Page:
In order to live in Japan, foreign nationals are required to obtain a visa that is most appropriate for their intended activities in Japan. You need to be approved the eligibility for one of the different Status of Residence to reside in Japan by applying for a Certificate of Eligibility (COE) at the Immigration Office.
There are 27 types of visa in Japan and the requirements as well as the authorized activities are different for each of them. It is therefore necessary to first determine one type of visa that will allow you to do what you would like to pursue in Japan, and for which you can satisfy the requirements of that particular visa.
In case your intended activity in Japan is not listed in any of the 27 official Status of Residence, you can't reside in Japan for a long-term. Even if you do manage to find your intended activity in the list, there is still a possibility that you can not approve the eligibility for the status if your background and experience does not meet the appropriate requirements.
In most cases, it is required to have a hosting organization (company) or inviting person (commonly known as a "visa sponsor") to be able to get a visa in Japan, such as a school in case of a student visa or an employer in case of a working visa.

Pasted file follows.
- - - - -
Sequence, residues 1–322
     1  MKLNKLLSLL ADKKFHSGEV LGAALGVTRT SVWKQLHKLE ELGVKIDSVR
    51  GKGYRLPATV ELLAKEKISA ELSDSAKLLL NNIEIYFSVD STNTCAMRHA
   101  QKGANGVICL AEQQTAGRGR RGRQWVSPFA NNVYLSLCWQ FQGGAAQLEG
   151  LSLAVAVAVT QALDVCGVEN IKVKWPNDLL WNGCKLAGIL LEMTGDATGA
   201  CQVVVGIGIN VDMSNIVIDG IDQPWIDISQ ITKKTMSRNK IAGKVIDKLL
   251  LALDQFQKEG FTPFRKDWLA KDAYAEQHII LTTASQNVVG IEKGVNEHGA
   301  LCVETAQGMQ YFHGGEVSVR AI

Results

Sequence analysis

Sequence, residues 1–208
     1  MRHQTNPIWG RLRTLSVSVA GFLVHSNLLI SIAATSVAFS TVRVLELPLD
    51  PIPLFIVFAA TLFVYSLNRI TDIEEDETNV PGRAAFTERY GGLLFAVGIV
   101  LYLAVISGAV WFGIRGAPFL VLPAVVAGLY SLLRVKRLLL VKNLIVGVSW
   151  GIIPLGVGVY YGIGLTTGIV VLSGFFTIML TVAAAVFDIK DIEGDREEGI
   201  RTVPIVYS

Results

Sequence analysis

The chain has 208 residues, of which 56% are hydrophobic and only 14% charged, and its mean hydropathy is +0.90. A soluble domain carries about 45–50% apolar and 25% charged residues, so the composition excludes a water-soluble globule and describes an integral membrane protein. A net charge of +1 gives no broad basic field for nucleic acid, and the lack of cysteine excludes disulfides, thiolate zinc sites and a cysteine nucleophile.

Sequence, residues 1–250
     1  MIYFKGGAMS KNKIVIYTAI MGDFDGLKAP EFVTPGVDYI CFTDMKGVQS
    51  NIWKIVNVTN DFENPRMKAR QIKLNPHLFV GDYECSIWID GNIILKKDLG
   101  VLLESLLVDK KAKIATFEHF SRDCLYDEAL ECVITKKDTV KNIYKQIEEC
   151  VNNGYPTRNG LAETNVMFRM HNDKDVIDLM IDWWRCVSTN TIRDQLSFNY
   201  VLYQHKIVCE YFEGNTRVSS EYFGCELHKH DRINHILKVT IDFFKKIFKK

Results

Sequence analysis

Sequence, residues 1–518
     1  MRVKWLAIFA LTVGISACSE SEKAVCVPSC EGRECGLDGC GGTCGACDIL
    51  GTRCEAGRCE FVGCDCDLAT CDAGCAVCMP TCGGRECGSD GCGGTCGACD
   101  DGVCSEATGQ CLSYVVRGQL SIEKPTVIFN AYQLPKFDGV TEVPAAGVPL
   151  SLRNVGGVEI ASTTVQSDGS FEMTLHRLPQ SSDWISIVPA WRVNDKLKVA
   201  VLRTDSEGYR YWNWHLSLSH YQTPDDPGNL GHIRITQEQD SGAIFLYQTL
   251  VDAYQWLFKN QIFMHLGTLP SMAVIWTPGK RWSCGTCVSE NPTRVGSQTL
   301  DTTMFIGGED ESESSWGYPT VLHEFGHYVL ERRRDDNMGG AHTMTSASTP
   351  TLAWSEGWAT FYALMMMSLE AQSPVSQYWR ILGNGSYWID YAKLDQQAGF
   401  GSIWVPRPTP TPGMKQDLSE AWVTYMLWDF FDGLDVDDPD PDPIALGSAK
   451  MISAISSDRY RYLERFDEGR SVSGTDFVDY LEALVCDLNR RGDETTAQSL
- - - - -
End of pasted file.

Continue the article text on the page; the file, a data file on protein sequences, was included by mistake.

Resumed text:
You'll find below a list of the most typical visas that we usually deal with in Japan.
Becoming a permanent resident is an alternative to Japan´s naturalization process. It is an excellent option for foreigners who want to live in Japan without any time restriction and who do not want to renounce their first nationality or cannot get through the citizenship process.
No more visa renewal. No restriction in the kind of activities you can engage in. Easier to get loans from Japanese banks. Visa granted to those who have stayed certain conditions regarding the length of time spent in Japan, income, tax payment, etc.
Working visas only cover the kind of work that requires a certain level of professional knowledge or skills. The most typical working visas to work in private companies are the following 4 types.